No Pepper Spray on Nonviolent Protesters

(posted 4/14/05, revised and extended 4/16/05)

Log of 2005 Trial in Pepper Spray Q-Tip Suit
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Days One and Two, April 12 and 13, 2005

by Nicholas Wilson,

Note: This is not an official transcript. It is a condensed paraphrase except where quotation marks are used to indicate verbatim quotes. It is based on notes taken in the courtroom. At times the questions and answers are given to convey the flavor, especially in cross-examination.

Page Index

Day One, Tuesday April 12, 2005
Jury Selection

Day Two, Wednesday, April 13, 2005
Plaintiffs' Opening
Statement by Dennis Cunningham
Defendants' Opening Statement by Nancy Delaney
Terri Slanetz Direct Examination by Dennis Cunningham
    Cross-examination by Nancy Delaney
    Redirect by Dennis Cunningham
Michael McCurdy Direct Examination by Robert Bloom
    (First part and summary of Bear Creek Videotape)

Day One, Tuesday, April 12, 2005

Jury Selection

An eight person jury was chosen after an all day process that included individual questioning of the individual juror candidates by Dennis Cunningham, lead counsel for the Pepper Spray Eight plaintiffs. The jury includes 6 women and 2 men; one woman is Philippine-American, one man is Latino, and the rest are white. About a dozen of the panel of about 50 juror candidates were excused for hardship, most of them because they were self-employed or contractors who would lose two weeks' income if they served.

Judge Illston began by asking the jury candidates about their backgrounds, and whether any of them had any family connections or life experiences that might influence their impartiality. All jury candidates could hear the questions and the answers of the others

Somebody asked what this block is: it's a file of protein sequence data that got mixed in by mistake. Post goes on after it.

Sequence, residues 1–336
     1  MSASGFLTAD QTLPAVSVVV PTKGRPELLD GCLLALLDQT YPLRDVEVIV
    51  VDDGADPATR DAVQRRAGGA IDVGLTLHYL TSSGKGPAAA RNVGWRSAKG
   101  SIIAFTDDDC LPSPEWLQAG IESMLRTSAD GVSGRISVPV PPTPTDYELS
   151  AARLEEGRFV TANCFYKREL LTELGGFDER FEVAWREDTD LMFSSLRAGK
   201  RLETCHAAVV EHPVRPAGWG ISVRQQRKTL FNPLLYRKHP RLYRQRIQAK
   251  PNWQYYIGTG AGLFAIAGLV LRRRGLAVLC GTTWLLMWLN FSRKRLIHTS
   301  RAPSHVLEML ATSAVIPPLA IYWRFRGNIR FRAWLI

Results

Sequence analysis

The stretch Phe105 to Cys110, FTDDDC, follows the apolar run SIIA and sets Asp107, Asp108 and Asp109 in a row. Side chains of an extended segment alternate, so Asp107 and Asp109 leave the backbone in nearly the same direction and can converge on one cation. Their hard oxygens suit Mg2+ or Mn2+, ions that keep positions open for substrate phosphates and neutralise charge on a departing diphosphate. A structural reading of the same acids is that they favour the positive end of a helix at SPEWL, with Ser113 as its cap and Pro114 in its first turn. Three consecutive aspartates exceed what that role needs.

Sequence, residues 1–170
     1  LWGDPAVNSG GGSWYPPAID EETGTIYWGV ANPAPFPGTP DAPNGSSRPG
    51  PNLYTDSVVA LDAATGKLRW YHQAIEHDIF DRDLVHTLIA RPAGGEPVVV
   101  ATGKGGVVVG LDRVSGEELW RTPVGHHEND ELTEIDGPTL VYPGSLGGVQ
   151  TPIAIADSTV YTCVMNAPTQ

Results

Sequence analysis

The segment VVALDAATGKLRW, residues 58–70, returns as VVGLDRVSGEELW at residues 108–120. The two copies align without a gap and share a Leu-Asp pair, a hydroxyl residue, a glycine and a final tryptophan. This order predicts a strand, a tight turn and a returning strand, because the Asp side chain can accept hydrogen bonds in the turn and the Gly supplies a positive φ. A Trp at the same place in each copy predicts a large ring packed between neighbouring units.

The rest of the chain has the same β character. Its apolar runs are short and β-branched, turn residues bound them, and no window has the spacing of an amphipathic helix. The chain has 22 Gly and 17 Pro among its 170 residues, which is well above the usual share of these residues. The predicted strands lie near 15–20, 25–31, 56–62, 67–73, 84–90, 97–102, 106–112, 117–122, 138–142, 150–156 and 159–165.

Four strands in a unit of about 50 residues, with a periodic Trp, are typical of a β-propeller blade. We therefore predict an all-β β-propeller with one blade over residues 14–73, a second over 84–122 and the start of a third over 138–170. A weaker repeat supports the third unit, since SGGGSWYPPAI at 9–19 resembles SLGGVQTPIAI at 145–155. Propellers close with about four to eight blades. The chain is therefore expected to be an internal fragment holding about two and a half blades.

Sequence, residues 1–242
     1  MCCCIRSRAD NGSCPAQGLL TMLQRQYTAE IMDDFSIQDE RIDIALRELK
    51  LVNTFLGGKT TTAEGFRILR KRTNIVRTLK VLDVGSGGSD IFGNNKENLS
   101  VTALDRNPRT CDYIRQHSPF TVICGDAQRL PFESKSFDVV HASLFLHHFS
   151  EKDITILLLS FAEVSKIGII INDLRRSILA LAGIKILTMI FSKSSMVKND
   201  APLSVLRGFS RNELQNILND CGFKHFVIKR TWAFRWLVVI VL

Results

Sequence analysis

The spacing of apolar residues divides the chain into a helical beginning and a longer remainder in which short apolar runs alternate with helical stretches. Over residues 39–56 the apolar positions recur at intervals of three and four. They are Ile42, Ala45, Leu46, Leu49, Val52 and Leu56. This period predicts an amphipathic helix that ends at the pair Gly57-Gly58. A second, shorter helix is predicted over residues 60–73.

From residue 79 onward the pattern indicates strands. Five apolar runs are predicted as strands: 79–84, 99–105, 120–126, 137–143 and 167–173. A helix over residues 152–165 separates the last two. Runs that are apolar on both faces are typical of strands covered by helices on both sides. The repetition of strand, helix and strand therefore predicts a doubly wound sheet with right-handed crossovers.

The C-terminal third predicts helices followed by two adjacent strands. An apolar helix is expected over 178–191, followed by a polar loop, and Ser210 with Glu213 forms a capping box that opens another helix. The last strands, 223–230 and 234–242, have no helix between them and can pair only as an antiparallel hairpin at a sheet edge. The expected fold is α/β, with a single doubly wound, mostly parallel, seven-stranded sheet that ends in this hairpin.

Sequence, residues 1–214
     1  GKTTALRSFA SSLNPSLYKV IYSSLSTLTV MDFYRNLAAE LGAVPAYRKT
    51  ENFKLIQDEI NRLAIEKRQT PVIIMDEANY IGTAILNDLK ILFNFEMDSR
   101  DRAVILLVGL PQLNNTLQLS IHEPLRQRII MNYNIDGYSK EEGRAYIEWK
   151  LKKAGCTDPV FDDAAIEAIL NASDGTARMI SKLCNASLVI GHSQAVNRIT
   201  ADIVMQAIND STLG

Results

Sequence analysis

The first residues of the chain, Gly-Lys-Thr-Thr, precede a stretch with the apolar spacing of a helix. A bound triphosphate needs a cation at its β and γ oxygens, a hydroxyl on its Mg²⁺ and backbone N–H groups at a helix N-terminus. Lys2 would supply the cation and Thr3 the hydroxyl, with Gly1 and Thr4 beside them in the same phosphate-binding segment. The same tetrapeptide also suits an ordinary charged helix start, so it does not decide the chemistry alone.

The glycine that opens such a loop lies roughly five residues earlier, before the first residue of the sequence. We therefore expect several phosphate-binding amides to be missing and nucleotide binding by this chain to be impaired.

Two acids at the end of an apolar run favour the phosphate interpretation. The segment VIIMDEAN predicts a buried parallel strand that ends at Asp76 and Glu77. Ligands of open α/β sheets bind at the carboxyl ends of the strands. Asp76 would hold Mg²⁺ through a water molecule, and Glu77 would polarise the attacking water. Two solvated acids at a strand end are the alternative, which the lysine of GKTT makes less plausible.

Only one African American was included in the jury candidate panel. He works as a security guard, and said he remembered seeing police videotapes of this case on TV, and that he had already decided that the Humboldt County deputy sheriffs were wrong to use pepper spray as they did. He added that he had personally been  abused by police.

Another man said the protesters got what they deserved because they were trespassing and were warned they would be pepper sprayed if they did not unlock their arms from each other and submit to arrest. Another said he liked police and couldn't stand protesters.

Mr. Goldoff (sp?) said he had seen the videos on TV. He said, "What they did to these kids was so cruel and vile that I canít imagine any justification for it." Judge Illston: "In the courtroom you'd hear evidence from both sides. There are two sides to every story. Do you think you could listen to the testimony and evaluate the evidence objectively?" Mr. Goldoff: "Iím sure they would have some rationalization for what they did. But I just think what they did was so cruel, so violent and so despicable that there could be no justification for doing that to a bunch of kids." Judge: "You don't think you could keep an open mind?" Mr. Goldoff: "It would be very difficult." In later questioning he said he had been injured by a chunk of concrete thrown by a police officer in Chicago during the 1968 Democratic Convention. 

All of those who said they didn't think they could be fair and impartial to both sides were excused for cause. Many others expressed leanings one way or the other but said they thought they could be fair or would try to be. Some had grown kids who were police officers.